By Ron Lane
For our lifeguards based at Noosa’s Main Beach it has been a busy holiday season, but I am happy to relate the majority of their incidents have been first aid: in particular in the National Park region.
A spokesperson for the lifeguards said the number of calls into the park for first aid had been amazing; but luckily no real emergencies occurred.
“Probably the worst was a dislocated shoulder,” he said.
However, on Monday the one call out that was top priority occurred on North Shore.
Several kilometers from the river mouth, two people swimming in a remote area got into difficulties: two jet rescue skis were immediately dispatched.
On arrival they were found to be caught in a bad rip; the rescue skis bought them to shore and as paramedics had been called, they were stabilised on the beach and then transported to hospital.
“They were extremely lucky. If it had not been for the fast ski patrols (to such a remote area) and the immediate response of the paramedics it would have ended in tragedy. Again we stress when visiting such remote beach areas and there is surf and rips do not swim.”
This also emphasis another point for visitors to remember. Had those two ski patrols been attending to a distress call out in the National Park region the two swimmers in trouble on North Shore would have surely drowned.
This again emphasises the golden rule; if you feel like a swim while visiting a remote area and there is a wave and rips, forget it.
Also a word of advice from rescue teams: if you are thinking of hiring a jet ski, you are not well experienced and there and there is a wave running ; do yourself, your family and the lifeguards a favor- and don’t.
Three times during the holidays lifeguards have been called into the Noosa Bar to rescue ski drivers who have rolled their skis. Lucky they were not seriously injured. However two seasons ago a visitor ignored the above warning rolled his ski and his injuries were everlasting.
Boat crews shine
On the weekend Noosa boat crews were busy with two carnivals, the first at Tugun Beach on Gold Coast on Saturday, and Collaroy Sydney on Sunday.
At Tugun in Round One of the Queensland Cup, rowing in one metre surf, the Noosa women’s division results were good. In reserve grade their two crews finished second and fifth – U/23 1st, U/19 1st and 3rd. In the mens division U/19 3rd, masters 160+ 1st, 200+ 2nd.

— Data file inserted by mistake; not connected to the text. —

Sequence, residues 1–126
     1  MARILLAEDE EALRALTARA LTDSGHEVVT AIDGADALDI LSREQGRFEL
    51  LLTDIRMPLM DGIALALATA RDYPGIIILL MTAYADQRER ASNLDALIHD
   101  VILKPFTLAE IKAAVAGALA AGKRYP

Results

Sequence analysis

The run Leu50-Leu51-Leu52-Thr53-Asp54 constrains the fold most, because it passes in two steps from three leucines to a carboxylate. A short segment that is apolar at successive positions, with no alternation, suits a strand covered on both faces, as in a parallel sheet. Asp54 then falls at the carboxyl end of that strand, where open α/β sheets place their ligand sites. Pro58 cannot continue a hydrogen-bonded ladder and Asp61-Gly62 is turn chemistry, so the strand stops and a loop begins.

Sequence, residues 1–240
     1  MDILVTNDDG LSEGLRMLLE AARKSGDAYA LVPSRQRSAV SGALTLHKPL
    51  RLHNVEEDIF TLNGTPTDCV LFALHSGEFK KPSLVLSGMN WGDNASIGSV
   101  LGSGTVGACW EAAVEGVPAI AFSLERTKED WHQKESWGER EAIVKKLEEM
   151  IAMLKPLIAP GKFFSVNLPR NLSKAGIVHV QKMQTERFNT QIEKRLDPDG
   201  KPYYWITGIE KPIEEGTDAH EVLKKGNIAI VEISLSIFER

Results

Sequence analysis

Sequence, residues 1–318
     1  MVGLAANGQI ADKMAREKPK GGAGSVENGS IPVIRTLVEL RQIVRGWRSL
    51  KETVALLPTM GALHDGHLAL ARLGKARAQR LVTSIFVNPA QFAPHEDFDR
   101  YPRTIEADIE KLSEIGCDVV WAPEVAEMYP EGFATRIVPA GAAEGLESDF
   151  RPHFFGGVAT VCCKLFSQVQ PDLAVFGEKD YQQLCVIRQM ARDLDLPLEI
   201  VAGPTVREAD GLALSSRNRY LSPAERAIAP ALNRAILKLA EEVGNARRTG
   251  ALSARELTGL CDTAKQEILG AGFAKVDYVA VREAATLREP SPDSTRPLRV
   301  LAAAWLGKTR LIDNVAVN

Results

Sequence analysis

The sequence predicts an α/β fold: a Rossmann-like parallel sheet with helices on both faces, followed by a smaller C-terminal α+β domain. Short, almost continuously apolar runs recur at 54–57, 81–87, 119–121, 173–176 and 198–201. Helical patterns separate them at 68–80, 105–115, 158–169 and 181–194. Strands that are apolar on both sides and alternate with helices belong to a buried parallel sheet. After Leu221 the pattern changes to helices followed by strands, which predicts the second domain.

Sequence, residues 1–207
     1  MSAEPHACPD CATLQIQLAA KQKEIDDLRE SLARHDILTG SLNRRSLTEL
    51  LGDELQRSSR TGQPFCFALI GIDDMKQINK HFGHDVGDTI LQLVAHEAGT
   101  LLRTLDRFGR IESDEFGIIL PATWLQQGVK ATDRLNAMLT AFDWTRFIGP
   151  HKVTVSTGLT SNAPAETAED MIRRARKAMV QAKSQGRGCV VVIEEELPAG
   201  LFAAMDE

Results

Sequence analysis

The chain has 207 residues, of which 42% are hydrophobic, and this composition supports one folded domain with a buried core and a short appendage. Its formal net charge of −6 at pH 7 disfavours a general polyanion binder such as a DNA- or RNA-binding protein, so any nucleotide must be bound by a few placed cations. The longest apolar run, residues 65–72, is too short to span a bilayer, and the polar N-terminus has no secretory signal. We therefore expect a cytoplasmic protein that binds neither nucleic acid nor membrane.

That evening three women’s crews flew to Collaroy Sydney to compete in the Collaroy International Young Guns Carnival and despite flight delays, which saw them arriving at midnight, they performed well. In big surf the U/23 finished 4th and in the U/19 their two crews finished in 4th and 5th place.
“Considering the late arrival in Sydney,” said coach/sweep David Tomba, “big surf and the U/23s rowing in a borrowed boat their performance was good. We couldn’t ask for more.”
“As a result of overall points from ASRLQ (Australias Surf Rowers League Queensland) carnivals this season, the top three crews from each division are invited to attend the Queensland Selection Carnival at Maroochydore 25 January; the winners will have the right to represent Qld at the upcoming ASRL Open Competition next month. From Noosa three womens crews were invited; Reserve grade, U/23 and U/19s.
“Well done to all three.”
Tin shed evolves
It was way back in 1981/82 season when, as District Supervisor for Sunshine Beach Surf Life Saving Club, I would walk into their club house to do a gear inspection; despite a gap of 39 years it still seems like yesterday.
Who can ever forget the clubhouse: situated at the very back of the beach it was just a little old tin shed.
Now after all those years and a construction period of some nine months, this new clubhouse with views that you l have to see to believe, will on 18 January, be open to the public. Well done to all involved and good luck in the years ahead.